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…don’t kill them

Today I’m reblogging a post from my author site. So much has already been written about the events in Orlando that my own thoughts will be brief. It’s almost too painful to think about. The biggest massacre ever in America. A lot of people have focused on the gun issue because as difficult (well-nigh impossible) as it is to pass legislation prohibiting gun sales to people who might be considered at-risk for using a weapon to slaughter other human beings, it is still thought to be a more do-able prospect than to teach people not to kill their fellow human beings because they don’t like them. Here’s my opinion in a nutshell:

If you don’t like someone, don’t kill them.
If you hate someone, don’t kill them.
If you disagree with someone, don’t kill them.
If someone is different from you, don’t kill them
If someone believes something different from you and you sincerely think they are wrong, don’t kill them.
If someone has a different religion from you, don’t kill them.
If someone looks different from you, don’t kill them.
If someone dresses in a way that you don’t like, don’t kill them.
If someone has an accent or skin color that doesn’t match yours, don’t kill them.
If someone cuts you off in traffic, don’t kill them.
If someone is rude or mean to you, or cusses you out, don’t kill them.
If someone broke your heart, don’t kill them.
If someone treated you unfairly, don’t kill them.
If encounter someone who clearly cannot be human, and must be a space alien, don’t kill them.
If your children scream, cry, or misbehave, don’t kill them.
If your pets misbehave, don’t kill them.
If someone makes you mad, don’t kill them.

The list could go on and on because there are literally millions and millions of circumstances in which killing another human being is not the right thing to do.

Bottom line: Stop acting like a wild animal with a small brain and no concept of civilization. We are human beings. We create culture, art, music, architecture, books, movies, TV shows, webcasts, podcasts, beautiful photos, amazing technology that our ancestors would’ve regarded as magic, gardens, dances, celebrations. We have the power and imagination to create…anything we can imagine. We have the power and imagination to make the world better, and to make the lives of the human beings who live on planet Earth better. We treat and cure medical conditions which would’ve killed or shortened the lives of our ancestors. These are just some of the wonderful and beautiful and joyful things that human beings do. Don’t ever for a moment think of taking yourself and others out of the generative flow of human civilization. The creative power of civilization is always better than the destruction and annihilation of life and all its potential. We are, all of us, part of this great civilization…until one of us steps out of this flow and kills their fellow humans. Then all of humanity is wounded and dies a bit, and cries a lot. Every human being is unique should be honored for their contribution, be it large or small, to the whole of human civilization and history. Stand on the side of humanity and human civilization and you will always be on the right side, on the side with the geniuses and creators, on the right side of human potential. Don’t kill anyone.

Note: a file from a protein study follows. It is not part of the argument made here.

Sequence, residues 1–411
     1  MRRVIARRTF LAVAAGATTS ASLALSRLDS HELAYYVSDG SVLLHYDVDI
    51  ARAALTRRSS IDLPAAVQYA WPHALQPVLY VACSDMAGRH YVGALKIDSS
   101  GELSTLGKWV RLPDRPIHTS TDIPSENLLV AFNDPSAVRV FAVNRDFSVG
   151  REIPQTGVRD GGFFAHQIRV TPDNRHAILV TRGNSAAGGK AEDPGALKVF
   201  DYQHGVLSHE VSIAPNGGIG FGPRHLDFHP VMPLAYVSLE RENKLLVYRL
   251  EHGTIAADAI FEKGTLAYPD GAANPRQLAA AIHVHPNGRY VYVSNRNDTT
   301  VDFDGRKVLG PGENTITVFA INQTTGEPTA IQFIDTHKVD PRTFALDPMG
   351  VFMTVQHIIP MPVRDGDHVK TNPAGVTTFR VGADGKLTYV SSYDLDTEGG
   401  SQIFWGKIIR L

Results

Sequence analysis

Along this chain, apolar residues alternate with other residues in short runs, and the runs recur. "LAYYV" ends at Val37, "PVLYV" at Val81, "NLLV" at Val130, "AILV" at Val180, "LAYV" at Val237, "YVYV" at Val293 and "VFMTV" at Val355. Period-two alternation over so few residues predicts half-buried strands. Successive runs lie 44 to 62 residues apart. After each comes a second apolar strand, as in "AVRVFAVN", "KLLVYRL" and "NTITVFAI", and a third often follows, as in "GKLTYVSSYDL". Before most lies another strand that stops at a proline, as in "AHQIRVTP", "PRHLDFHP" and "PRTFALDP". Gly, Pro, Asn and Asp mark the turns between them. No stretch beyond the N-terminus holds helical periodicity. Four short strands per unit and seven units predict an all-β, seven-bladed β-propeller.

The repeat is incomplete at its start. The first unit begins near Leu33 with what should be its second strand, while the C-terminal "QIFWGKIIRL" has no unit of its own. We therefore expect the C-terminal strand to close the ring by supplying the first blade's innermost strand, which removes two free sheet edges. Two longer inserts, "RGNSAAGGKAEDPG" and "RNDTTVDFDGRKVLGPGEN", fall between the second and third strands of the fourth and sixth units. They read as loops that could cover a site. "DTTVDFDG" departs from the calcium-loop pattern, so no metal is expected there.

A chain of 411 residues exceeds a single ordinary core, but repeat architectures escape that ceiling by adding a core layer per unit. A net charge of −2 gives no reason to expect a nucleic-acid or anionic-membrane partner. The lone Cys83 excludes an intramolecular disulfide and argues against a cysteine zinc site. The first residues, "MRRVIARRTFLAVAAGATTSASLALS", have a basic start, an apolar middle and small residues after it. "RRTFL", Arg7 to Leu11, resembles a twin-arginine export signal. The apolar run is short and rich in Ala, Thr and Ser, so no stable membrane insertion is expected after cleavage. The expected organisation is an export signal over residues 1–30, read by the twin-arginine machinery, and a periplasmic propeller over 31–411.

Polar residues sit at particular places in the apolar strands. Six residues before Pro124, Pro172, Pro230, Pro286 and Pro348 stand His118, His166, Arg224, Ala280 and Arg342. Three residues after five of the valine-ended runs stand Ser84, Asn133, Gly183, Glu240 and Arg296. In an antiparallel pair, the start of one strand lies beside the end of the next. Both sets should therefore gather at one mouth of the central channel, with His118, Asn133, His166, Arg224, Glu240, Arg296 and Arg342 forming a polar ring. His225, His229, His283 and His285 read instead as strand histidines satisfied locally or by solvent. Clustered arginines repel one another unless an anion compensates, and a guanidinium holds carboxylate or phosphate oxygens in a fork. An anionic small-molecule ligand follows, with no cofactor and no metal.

Ainy Rainwater has been writing and publishing short stories, essays, and novels in various genres for about 30 years. She lives in the greater Houston area with her husband and rescue dogs. She enjoys reading, writing, playing guitar and percussion, gardening, knitting, tea, baking and other kitchen improvisations, daydreaming, and wasting time online. Her novels are available from Amazon, Barnes and Noble, Apple, Kobo, Smashwords, and other bookstores. She is presently working on a chick lit fantasy series as well as a number of side projects, including a sequel to If Wishes Were Spaceships, a science fiction novel published in March 2016. Her most recent fiction and works in progress are regularly posted to her subscribers on Patreon. She is also known for the digital pop which she makes under the name Gymshoes. "Everest Sunrise" was featured in the documentary What It Takes. After hurricanes Katrina and Rita she released an EP of songs, A Tropical Depression, the profits of which go to benefit the American Red Cross. Gymshoes albums are available from iTunes, Amazon, and other online stores. For more about Gymshoes music, please see, which has liner notes, links to social media, streaming music, and much more. You can find the author on Facebook, Instagram, Goodreads, and Twitter. She occasionally contributes to the group food blog, The Usual Suspects: and posts short miscellaneous things on The Mighty Microblog: A Truant Disposition, is Ainy Rainwater's official author site.

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